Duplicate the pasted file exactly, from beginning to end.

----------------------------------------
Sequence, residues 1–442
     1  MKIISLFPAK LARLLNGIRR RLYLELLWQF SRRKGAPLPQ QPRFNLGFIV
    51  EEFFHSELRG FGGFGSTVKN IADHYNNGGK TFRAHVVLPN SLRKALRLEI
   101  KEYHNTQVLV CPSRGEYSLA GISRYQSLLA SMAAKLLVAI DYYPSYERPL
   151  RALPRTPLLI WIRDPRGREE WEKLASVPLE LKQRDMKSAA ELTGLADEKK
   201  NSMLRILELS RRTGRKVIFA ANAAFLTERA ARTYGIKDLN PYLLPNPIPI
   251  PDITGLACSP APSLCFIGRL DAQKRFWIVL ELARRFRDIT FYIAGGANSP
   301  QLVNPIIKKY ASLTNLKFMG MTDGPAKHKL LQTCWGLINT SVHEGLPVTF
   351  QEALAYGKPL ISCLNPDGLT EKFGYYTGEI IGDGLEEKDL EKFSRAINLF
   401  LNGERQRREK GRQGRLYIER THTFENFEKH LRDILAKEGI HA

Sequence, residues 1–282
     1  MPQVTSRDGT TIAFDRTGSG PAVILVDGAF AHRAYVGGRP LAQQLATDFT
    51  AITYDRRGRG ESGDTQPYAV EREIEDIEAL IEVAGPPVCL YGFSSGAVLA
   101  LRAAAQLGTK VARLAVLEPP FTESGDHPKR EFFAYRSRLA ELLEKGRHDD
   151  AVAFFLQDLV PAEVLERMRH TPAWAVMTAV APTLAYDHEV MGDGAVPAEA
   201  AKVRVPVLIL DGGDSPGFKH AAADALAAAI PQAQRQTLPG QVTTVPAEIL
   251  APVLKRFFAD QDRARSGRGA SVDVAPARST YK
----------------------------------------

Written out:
Sequence, residues 1–442
     1  MKIISLFPAK LARLLNGIRR RLYLELLWQF SRRKGAPLPQ QPRFNLGFIV
    51  EEFFHSELRG FGGFGSTVKN IADHYNNGGK TFRAHVVLPN SLRKALRLEI
   101  KEYHNTQVLV CPSRGEYSLA GISRYQSLLA SMAAKLLVAI DYYPSYERPL
   151  RALPRTPLLI WIRDPRGREE WEKLASVPLE LKQRDMKSAA ELTGLADEKK
   201  NSMLRILELS RRTGRKVIFA ANAAFLTERA ARTYGIKDLN PYLLPNPIPI
   251  PDITGLACSP APSLCFIGRL DAQKRFWIVL ELARRFRDIT FYIAGGANSP
   301  QLVNPIIKKY ASLTNLKFMG MTDGPAKHKL LQTCWGLINT SVHEGLPVTF
   351  QEALAYGKPL ISCLNPDGLT EKFGYYTGEI IGDGLEEKDL EKFSRAINLF
   401  LNGERQRREK GRQGRLYIER THTFENFEKH LRDILAKEGI HA

Sequence, residues 1–282
     1  MPQVTSRDGT TIAFDRTGSG PAVILVDGAF AHRAYVGGRP LAQQLATDFT
    51  AITYDRRGRG ESGDTQPYAV EREIEDIEAL IEVAGPPVCL YGFSSGAVLA
   101  LRAAAQLGTK VARLAVLEPP FTESGDHPKR EFFAYRSRLA ELLEKGRHDD
   151  AVAFFLQDLV PAEVLERMRH TPAWAVMTAV APTLAYDHEV MGDGAVPAEA
   201  AKVRVPVLIL DGGDSPGFKH AAADALAAAI PQAQRQTLPG QVTTVPAEIL
   251  APVLKRFFAD QDRARSGRGA SVDVAPARST YK